Medscape hosts virtual symposium on biosimilars in IBD Posted 26/06/2020

Medscape held a virtual symposium on the use of biosimilars in inflammatory bowel disease (IBD) on 30 May 2020. The event covered issues including the regulatory approval process for biosimilars, research on biosimilars and switching.

Medscape, which provides educational materials for physicians and other healthcare professionals, hosted a virtual symposium entitled ‘Navigating the Use of Biosimilars in Inflammatory Bowel Disease’ on 30 May 2020.

IBD, which encompasses Crohn’s disease and ulcerative colitis, is becoming increasingly common in much of the world. Biological treatments include tumour necrosis factor (TNF) inhibitors, such as adalimumab and infliximab.

These can be very expensive treatments. Biosimilar versions of these drugs, e.g. Remsima and Inflectra, are becoming increasingly popular and in some places their use is even mandated [1, 2]. The latest data from British Columbia, Canada, for example, shows that 28% of patients with IBD have been switched to a biosimilar version of their medication [3].

The Medscape event, which was aimed at gastroenterologists and primary care physicians, explained that the regulatory process for biosimilars ensures that they have no clinically meaningful differences to the originator. Biosimilars are particularly important in the context of IBD, where medication costs can be significant. There was also dedicated time for explaining the key considerations for switching a patient to biosimilar and on educating patients on biosimilars.

Overall, the symposium was intended to improve attendees’ knowledge of the regulatory process for biosimilars, strategies on educating patients, and how to apply real-world data on biosimilars for the treatment of IBD.

The event was supported by an educational grant from pharmaceutical company Pfizer.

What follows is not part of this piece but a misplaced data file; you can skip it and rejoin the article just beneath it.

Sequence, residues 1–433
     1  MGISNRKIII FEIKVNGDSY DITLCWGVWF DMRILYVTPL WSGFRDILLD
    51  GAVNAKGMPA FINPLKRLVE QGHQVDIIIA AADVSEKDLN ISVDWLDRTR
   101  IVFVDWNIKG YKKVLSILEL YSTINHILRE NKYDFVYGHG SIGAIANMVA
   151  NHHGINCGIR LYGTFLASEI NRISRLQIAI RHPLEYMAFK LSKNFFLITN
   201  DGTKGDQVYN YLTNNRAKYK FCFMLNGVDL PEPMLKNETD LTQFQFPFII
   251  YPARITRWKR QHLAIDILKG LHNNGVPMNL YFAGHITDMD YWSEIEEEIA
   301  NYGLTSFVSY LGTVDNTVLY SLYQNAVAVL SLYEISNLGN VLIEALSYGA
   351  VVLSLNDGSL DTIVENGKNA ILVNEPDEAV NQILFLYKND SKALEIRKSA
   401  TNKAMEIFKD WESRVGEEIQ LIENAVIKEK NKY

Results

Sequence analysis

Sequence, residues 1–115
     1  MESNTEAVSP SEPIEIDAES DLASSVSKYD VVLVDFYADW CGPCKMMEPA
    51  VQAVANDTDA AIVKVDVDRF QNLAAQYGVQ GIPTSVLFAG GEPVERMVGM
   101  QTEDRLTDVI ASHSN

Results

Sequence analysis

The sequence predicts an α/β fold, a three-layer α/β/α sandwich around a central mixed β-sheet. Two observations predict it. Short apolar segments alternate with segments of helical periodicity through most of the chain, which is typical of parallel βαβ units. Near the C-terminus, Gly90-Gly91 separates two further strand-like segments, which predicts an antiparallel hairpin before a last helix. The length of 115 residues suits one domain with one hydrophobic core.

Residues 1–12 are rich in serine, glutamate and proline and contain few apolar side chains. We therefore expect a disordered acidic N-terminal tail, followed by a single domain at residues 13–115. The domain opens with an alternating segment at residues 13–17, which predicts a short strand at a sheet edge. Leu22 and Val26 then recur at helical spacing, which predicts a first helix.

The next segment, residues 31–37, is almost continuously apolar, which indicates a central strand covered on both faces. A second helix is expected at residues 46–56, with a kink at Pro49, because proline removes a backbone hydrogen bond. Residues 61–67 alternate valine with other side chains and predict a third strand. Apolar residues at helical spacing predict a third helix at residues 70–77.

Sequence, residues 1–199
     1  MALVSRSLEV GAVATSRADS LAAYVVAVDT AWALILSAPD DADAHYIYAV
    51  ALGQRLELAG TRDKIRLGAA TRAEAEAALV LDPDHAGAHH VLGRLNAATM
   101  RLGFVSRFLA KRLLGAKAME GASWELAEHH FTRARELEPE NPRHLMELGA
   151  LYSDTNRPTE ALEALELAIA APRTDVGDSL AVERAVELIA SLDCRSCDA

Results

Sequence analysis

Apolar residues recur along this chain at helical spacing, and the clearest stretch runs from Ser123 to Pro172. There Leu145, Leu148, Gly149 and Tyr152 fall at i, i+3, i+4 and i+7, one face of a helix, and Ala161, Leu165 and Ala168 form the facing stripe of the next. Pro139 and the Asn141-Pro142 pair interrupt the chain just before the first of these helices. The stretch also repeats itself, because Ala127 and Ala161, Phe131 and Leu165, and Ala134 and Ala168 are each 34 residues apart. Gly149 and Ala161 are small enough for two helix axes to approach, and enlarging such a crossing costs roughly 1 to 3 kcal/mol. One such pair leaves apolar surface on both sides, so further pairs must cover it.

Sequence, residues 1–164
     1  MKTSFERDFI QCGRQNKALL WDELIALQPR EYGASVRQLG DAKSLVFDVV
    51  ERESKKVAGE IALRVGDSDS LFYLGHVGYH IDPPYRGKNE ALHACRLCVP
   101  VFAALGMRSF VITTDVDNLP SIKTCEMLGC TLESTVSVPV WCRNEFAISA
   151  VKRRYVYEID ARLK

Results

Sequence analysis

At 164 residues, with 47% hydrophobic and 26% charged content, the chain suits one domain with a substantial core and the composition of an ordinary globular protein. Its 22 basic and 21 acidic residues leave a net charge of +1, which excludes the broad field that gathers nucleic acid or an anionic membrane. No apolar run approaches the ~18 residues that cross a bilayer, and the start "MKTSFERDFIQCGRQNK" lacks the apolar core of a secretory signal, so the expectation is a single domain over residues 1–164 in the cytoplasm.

Recent statements from the Swiss Society of Gastroenterology [4] and Canadian Association of Gastroenterology [5] have discussed in further detail the key issues surrounding biosimilar use in IBD, including extrapolation, interchangeability and switching.

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References
1. GaBI Online - Generics and Biosimilars Initiative. Canada’s British Columbia to switch patients to biosimilars [www.gabionline.net]. Mol, Belgium: Pro Pharma Communications International; [cited 2020 Jun 26]. Available from: www.gabionline.net/Policies-Legislation/Canada-s-British-Columbia-to-switch-patients-to-biosimilars
2. GaBI Online - Generics and Biosimilars Initiative. Ontario becomes third Canadian province to switch patients to biosimilars [www.gabionline.net]. Mol, Belgium: Pro Pharma Communications International [cited 2020 Jun 26]. Available from: www.gabionline.net/Biosimilars/General/Ontario-becomes-third-Canadian-province-to-switch-patients-to-biosimilars
3. GaBI Online - Generics and Biosimilars Initiative. British Columbia releases latest data on biosimilar switches [www.gabionline.net]. Mol, Belgium: Pro Pharma Communications International [cited 2020 Jun 26]. Available from: www.gabionline.net/Biosimilars/General/British-Columbia-releases-latest-data-on-biosimilar-switches
4. GaBI Online - Generics and Biosimilars Initiative. Swiss position statement on the use of biosimilars in IBD [www.gabionline.net]. Mol, Belgium: Pro Pharma Communications International [cited 2020 Jun 26]. Available from: www.gabionline.net/Biosimilars/General/Swiss-position-statement-on-the-use-of-biosimilars-in-IBD
5. GaBI Online - Generics and Biosimilars Initiative. Canadian gastroenterologists issue biosimilar position statement [www.gabionline.net]. Mol, Belgium: Pro Pharma Communications International [cited 2020 Jun 26]. Available from: www.gabionline.net/Biosimilars/General/Canadian-gastroenterologists-issue-biosimilar-position-statement

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Source: Medscape

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